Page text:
By Tashfeen Suleman, co-founder and CEO, CloudMedx
One thing the pandemic has shown is that health care is an ever growing and changing sector. New patients, data, and technologies are reshaping the industry. As Kiplinger puts it, medical technologies are “transforming how we treat and care for our bodies” and creating great opportunities along the way.
But a central problem weighs down the sector: Being a heavily services oriented industry, more than one-third of expenses go to administrative tasks, the vast majority of which is handled by personnel. This is far more than in many other developed nations, and much of it is redundant, creating an unnecessary burden for providers. Even these figures may be an underestimation, an article published by JAMA reports. So how much money is the industry pouring into these costs? Annually, $1.1 trillion — and of that, nearly half is “excess,” a study found. This represents about $500 billion that can be avoided.
Working in health care technology, I’ve seen one of the biggest forces creating these avoidable costs. Crucial information — about patients, their medical histories, social determinants of health (SDOH) in various parts of the country, and much more — has long been held in separate siloes. Myriad players, from health care providers (doctor’s offices, hospitals, clinics) to insurance companies, have held their own separate records, making it difficult for a new provider to get the information it needs.
The industry has continued to rely on case-by-case information sharing with lots of paperwork. At times, this has led to physicians not having access to information quickly enough to make the best call for a patient, contributing to problems such as duplicate testing, medication errors, and misdiagnoses.
As the U.S. population grows and the percentage made up of older Americans rises as well, the pile of back office work increases exponentially. The time and costs of scheduling, authorization, insurance communication, follow-ups, and all sorts of other tasks results in even higher costs for everyone involved, including patients.
Meanwhile, anytime a provider takes on a new technology designed to help in some specific way — such as addressing the needs of patients with one disease or patients who fit a certain demographic — providers have to shoulder costs of the manual work associated with making that new technology function.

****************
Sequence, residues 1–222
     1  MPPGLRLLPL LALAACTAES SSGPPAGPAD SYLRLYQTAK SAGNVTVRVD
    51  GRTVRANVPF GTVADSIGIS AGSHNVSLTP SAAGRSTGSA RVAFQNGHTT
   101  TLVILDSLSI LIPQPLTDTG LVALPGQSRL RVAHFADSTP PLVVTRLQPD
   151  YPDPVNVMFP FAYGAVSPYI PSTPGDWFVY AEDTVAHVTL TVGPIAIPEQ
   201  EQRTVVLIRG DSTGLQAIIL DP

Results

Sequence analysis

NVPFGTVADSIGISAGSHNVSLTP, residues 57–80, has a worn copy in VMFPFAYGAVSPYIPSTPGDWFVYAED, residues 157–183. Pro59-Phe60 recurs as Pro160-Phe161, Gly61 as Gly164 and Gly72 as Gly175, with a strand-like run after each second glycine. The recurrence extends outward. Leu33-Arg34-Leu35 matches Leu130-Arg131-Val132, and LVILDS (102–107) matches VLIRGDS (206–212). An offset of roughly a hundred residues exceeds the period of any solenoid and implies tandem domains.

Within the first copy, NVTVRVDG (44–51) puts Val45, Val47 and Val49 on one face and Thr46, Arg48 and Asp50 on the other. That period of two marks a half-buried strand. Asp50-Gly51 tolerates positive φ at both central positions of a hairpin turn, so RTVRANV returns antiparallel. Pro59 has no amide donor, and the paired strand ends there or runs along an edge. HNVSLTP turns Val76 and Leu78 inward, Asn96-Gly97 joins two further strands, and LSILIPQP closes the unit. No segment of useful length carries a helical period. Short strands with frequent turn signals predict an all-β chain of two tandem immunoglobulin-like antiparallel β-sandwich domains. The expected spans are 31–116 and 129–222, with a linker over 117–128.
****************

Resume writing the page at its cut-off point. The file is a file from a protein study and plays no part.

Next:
So the entire process of modernizing the sector and getting people better care is dramatically slowed down.
As Deloitte’s 2021 Global Health Care Outlook puts it, resolving this requires sweeping change. “Radical data interoperability is a required foundational capability to enable health care providers, insurers, and other stakeholders to deliver patient-facing programs and associated technologies. When implemented correctly, it can help greatly improve care delivery and patient empowerment and provide a solid return on investment (ROI).” It goes on to explain that “radical interoperability suggests that all relevant data about people—health and otherwise—will be integrated and available for both research and action.”
What health care needs is a unified data platform — a single place in which all relevant information is brought together, made accessible to those who need it, and ideally presented in a way that makes sense to a user given what they’re looking for.
The good news: In creating a data platform for the health care sector — with information from over 3000 hospitals, 3,500 counties, all 50 states, and insurance payers updated via our algorithms — our team at CloudMedx has found that much of the current manual work can be automated. And it can all be done without sacrificing patient privacy. (Privacy and security is one of our biggest areas of focus.)
Now is the time for this transformation to happen. During the pandemic, lawmakers have finally dropped some of the rules designed to prevent providers and insurers from sharing information. The overwhelming majority of Americans support such changes and want more of them, Pew Trusts found.
There’s a long way to go. Many medical records are stored on paper and need to be digitized, and some technical barriers make electronic health records difficult to transfer across certain platforms, Brookings points out.
But things are moving in the right direction. As data platforms come to play a larger role in the medical industry, administrative hassles will decrease. This will allow health care providers to take on many more new products and services. It will also incentivize more entrepreneurs to enter the industry, knowing that their creations could become more affordable to medical institutions — expanding their pool of potential customers.
Ultimately, this will lead to the central goal of better health care for more people. And along the way, investors will have even more reason to harness the opportunities of emerging medtech.
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